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Showing posts from July, 2019

Repetition, Repetition

I heard the hymn "Love Divine All Love's Excelling" the other day and, once again, the genius of the line in the final verse struck me: "Changed from glory into glory. . . ."

The meaning of this repetition is neither readily apparent nor easily understood, yet it makes immediate impact. Why?

I have thought about this on and off for a number of years and the best reasons I can come up with are:

1. It's unexpected
2. It presents us with a mystery

And that's the point. The line is alluding to something we cannot begin to comprehend. The glories we can imagine in our human forms do not come close to those we will experience on admission to Heaven. It will be a transfiguration that is total, and unknowable to us as mortals.

This interpretation fits with the concept of a Divine love that excels all others.

I suspect the individual words themselves had more power in the days before hyperbole was literally overused. [That's an example of irony, for those who misse…

And now for something completely different. . . Ian Thomson: The Northern Elements *****

It’s too rare these days to find good novelists who dare not to conform to the strictures of genre. Publishers want writers to grind out the same type of novel again and again so that they can be easily categorised and marketed. I think this comes from the undue influence that accountants have had on modern life and their desire to fit every thing – and everyone – into neat compartments. They are incapable of seeing how disastrous this is in the long term, stifling the imagination and creativity. The novelist Monica Ali recently spoke on BBC Radio 4 about the expectation that her works deal with ethnicity and women’s issues while she just wants to be a novelist and make stories.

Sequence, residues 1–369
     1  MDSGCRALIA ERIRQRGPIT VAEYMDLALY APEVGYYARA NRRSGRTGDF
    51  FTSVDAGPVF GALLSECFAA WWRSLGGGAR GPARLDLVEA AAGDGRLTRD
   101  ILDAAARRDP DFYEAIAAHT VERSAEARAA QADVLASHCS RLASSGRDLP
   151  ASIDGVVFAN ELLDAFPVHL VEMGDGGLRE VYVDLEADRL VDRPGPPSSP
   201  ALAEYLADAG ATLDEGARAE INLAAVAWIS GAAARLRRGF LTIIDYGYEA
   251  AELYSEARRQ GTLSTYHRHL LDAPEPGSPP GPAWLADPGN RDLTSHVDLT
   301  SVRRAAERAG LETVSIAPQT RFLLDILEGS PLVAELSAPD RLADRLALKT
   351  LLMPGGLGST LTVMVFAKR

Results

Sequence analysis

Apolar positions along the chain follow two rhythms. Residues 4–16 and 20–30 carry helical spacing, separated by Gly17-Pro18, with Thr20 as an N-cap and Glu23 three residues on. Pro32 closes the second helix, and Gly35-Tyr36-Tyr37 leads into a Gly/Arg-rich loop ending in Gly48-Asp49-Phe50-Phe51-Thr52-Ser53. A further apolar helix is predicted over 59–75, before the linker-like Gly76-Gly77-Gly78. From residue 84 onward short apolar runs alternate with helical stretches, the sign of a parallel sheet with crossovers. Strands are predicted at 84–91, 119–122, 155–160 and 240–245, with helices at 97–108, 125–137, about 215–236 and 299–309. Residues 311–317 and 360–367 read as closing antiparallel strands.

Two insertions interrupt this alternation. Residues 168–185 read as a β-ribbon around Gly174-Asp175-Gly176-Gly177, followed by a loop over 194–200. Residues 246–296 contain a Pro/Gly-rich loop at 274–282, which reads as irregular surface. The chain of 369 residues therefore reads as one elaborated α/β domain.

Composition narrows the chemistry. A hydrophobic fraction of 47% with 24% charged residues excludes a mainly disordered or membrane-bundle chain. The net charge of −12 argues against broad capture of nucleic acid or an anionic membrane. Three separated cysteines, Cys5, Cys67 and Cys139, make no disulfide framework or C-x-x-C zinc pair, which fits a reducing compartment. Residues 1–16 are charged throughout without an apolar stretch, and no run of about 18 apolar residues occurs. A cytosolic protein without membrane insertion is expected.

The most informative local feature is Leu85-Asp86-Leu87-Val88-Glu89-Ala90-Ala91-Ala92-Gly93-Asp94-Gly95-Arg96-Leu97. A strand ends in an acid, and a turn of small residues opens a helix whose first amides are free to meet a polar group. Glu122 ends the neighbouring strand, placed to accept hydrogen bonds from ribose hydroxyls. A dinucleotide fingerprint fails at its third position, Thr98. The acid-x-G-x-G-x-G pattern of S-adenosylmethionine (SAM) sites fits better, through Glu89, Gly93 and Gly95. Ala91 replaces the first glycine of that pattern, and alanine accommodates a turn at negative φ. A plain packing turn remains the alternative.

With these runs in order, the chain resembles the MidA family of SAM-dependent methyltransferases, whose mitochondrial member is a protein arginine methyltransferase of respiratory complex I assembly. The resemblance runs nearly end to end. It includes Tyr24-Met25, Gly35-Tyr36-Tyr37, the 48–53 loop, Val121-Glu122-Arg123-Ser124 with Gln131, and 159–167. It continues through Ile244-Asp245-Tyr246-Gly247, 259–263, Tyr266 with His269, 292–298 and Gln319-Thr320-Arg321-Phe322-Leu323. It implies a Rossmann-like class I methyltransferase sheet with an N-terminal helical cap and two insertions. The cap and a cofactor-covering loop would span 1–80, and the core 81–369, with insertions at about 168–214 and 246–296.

Ian Thomson’s The Northern Elements is a major departure from his previous novels. Its depiction of two (harmless) gangs of young boys, in the same place (Blackburn) but at different times (1890 and 1960), borders on the naturalistic. The two periods illustrate that even though the world changes, children don’t…

Halfway though July Already

Why doesn't "toastie" bread fit in my toaster?

One of life's great mysteries. That and how does the Venus de Milo hitch-hike, as Robin Williams once asked.

A work in progress this month is reading Ian Thomson's new novel The Northern Elements. While I will be writing a full review in due course, I will take this opportunity to encourage others to read it. It's an engaging and intriguing story about youth, life, death, fun, love, disappointment and pain as well as friendship, loyalty and growing up.

I've known Ian Thomson since not long after he accompanied GĂ©rard de Nerval walking his lobster in the Palais Royale and know that he is a great flaneur. Reading about the two gangs of boys exploring the nooks and crannies of Blackburn points to how his disposition for urban exploration began.

Thomson also reveals his youthful interest in the Roman Catholic Church through some amusing incidents and remarks. I suspect this interest continues, as ritual, mystery, eth…